2. Process transformation. As systems of engagement with customers become more transparent, that exposes the clunkiness of the back end of my business processes. There is a real imperative to automate those processes as never before, and content is in the middle of that. It's the glue.
  3. Engagement. It can take a lot of forms: WCM, Web engagement and using social systems that have content at their core to engage customers. Another facet is the internal problem. People are waking up to the fact that the old ways of interacting with each other for a generation that has had email at the heart are pretty clunky. Do a reply all and hope for the best. People are changing how they view that through internal systems.
  4. Insight. People are increasingly demanding that they use tech to extract insight from information they are accumulating and accumulated in the past. While ECM and records management were viewed as a static enterprise -- where it's basically, where am I going to put this stuff, how do I find it? Now we're looking at it from more of an analytics perspective. What is all this accumulated stuff telling me about my customers, and can I extract business value by using the information?

Is the current landscape of content management up to this task?

Mancini: People don't wake up in the morning, slap themselves on the head and say, 'Damn, I need some content management.' They usually worry about business problems that content management is critical to helping them solve. One of the challenges is that this space tends to talk in acronyms and too much on the technology side and not enough about the business problems.

There are more flavors of solutions than ever before. People need help in trying to sort through what scale and sort of solution is appropriate to the business problem they're trying to solve. In some cases, you're talking about solutions in the hundreds of thousands of dollars. Others are tens of thousands. Helping them figure out what's right for them is a big part of what AIIM does. If they want a Ford, they don't end up in a Lamborghini.

Who are the right stakeholders to involve when making these decisions? Who do you envision sitting around the table?

Mancini: There's always been this weird schism between business and IT. One speaks one language and the other speaks another. All these conversations we've had for decades about trying to align with the business, but the challenge now is it's more important that these conversations actually happen.

The consumerization of technology has put enterprise-scale tools into the hands of people who can deploy things without having to involve their IT department, so unless those guys can sit down at the table, [ECM purchases will be doomed to failure].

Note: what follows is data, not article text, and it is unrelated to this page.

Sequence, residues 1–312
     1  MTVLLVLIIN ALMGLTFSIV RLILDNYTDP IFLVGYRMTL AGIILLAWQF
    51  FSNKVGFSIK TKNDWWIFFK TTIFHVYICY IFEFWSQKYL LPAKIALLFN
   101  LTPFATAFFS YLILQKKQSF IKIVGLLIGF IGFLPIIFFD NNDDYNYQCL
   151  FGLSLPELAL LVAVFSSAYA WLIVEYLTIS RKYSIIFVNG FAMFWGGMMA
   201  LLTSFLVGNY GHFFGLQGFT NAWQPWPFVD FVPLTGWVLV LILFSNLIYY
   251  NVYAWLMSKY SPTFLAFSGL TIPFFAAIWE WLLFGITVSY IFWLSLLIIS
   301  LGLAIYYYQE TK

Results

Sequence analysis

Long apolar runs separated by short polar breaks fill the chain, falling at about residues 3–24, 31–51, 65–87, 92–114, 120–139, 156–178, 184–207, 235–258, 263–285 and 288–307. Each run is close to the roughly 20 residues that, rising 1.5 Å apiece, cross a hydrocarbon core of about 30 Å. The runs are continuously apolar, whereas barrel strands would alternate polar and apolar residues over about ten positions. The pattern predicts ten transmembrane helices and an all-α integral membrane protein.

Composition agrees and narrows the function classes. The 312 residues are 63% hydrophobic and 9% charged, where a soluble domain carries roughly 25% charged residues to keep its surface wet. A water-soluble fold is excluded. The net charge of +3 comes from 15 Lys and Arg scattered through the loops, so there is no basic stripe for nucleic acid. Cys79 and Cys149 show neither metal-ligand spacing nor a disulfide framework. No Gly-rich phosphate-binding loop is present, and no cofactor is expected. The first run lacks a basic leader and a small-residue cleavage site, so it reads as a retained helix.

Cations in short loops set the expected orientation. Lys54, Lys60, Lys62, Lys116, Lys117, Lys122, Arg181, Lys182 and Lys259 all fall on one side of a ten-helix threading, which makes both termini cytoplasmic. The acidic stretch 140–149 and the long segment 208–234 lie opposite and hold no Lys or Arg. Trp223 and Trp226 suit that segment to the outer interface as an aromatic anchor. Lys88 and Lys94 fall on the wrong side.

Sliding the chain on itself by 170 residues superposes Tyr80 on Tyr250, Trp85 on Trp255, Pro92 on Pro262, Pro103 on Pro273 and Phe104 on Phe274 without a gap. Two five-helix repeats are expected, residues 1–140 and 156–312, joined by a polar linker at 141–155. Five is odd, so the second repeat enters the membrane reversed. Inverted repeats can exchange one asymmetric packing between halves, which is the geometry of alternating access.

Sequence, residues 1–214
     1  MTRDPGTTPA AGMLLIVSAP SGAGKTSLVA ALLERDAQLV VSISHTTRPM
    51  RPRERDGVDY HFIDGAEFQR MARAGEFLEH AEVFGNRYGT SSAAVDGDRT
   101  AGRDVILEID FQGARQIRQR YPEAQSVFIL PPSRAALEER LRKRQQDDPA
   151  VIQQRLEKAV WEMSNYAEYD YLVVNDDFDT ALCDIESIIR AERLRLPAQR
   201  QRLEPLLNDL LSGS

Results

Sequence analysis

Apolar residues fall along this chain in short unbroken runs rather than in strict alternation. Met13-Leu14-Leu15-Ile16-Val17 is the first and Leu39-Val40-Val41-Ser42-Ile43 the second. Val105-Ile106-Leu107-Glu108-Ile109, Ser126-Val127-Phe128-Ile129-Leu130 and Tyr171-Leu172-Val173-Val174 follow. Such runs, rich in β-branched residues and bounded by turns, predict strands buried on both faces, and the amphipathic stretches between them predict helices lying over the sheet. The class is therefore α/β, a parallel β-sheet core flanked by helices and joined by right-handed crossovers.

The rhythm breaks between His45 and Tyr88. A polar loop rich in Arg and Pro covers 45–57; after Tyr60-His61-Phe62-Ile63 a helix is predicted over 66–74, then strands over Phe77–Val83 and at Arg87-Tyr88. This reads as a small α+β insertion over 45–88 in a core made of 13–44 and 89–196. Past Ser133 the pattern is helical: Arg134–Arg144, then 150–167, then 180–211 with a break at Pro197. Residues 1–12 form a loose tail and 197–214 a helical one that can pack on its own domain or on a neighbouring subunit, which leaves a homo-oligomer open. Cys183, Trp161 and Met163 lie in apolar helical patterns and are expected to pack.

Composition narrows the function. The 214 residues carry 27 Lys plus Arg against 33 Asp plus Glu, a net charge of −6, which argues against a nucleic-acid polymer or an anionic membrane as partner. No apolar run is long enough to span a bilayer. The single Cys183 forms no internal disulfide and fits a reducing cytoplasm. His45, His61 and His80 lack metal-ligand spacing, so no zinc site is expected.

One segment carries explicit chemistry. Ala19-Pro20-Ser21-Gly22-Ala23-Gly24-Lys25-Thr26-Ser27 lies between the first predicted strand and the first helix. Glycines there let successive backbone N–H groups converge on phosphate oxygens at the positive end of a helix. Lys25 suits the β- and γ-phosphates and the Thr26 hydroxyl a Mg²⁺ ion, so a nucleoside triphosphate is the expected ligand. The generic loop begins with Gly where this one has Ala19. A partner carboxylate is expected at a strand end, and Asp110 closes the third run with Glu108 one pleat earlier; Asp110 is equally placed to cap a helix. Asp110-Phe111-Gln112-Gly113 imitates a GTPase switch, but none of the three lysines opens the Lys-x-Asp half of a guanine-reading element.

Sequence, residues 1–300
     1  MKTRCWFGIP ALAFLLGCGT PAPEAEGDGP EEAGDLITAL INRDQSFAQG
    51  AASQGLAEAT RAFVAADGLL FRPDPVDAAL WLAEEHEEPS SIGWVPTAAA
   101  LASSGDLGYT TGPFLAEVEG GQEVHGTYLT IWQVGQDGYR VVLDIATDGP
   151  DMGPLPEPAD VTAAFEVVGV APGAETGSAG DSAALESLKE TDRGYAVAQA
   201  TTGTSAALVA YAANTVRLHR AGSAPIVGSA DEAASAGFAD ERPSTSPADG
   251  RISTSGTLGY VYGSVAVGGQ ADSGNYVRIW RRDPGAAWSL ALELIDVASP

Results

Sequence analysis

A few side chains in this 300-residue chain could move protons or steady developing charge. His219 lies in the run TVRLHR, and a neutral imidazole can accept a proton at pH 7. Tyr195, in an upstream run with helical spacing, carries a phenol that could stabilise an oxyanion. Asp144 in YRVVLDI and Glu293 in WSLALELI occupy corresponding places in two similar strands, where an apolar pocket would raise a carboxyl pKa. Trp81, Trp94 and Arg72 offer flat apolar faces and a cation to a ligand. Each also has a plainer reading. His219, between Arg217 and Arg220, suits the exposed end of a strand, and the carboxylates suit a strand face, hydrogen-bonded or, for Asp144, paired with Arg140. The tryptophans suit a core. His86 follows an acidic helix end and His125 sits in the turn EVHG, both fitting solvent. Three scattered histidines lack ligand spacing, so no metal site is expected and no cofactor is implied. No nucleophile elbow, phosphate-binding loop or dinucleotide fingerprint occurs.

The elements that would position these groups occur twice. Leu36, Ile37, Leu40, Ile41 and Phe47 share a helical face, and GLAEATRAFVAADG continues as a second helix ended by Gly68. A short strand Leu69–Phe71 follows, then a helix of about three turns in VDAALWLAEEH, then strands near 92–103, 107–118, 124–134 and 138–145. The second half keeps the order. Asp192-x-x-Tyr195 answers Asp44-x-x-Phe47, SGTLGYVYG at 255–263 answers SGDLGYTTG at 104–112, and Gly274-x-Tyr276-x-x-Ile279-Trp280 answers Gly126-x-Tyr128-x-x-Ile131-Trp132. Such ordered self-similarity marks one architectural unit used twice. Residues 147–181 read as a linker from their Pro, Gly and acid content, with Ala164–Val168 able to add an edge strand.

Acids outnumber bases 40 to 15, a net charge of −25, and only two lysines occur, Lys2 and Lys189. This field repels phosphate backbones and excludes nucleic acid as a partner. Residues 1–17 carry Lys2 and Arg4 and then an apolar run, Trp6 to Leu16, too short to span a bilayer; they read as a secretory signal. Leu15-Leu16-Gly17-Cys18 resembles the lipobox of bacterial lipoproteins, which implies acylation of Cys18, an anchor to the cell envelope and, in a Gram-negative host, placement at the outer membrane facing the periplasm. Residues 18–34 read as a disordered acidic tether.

Would you agree that the scope of information management has broadened beyond traditional records management?

Mancini: Records management historically has been built upon a framework that was an extension of how we managed information in the paper world. The focus was, 'OK, I've got this discrete thing.' In the paper world, I needed to figure out, 'Where do I store it in a place that is secure, that I can find it if I need to, and I can prove that I put it there?'

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That was the framework that we carried over into the world of digital information -- a fundamental paradigm that we were dealing with is, 'What do I need to save? How long do I need to save it?' -- essentially a focus on retention and on a narrow class of all the information that was floating around the organization.

Now, people are realizing that is a restricted view in terms of the challenge that lies ahead, being driven by the velocity and volume and variety of information in which it becomes just as important to figure out what you responsibly get rid of as well as what you have to keep.

That's a whole different way of looking at the world than has been characteristic of records management historically. It extends the boundaries of the kind of information we're talking about. We're not just talking about records in the narrow, definitional sense. Not just contracts, but also the information that flows through the business -- something that accompanies a business process, for example -- all of which is accumulating in huge volumes.

Will businesses get left behind without a way to handle this problem?

Mancini: This is the key strategic challenge for the next five years. Businesses are becoming digital; processes are becoming digital. Your digital capability determines whether you succeed or fail. If you don't keep up, challengers can usurp you much more readily than they ever could before. Information management and governance is at the heart of that competitive ability to survive.

For more, check out SearchContentManagement's coverage of the event. You can also follow the information chaos conversation at #AIIM14 and #infochaos.

Lauren Horwitz is executive editor of SearchContentManagement and SearchCRM. Laura Aberle is the site editor of SearchContentManagement.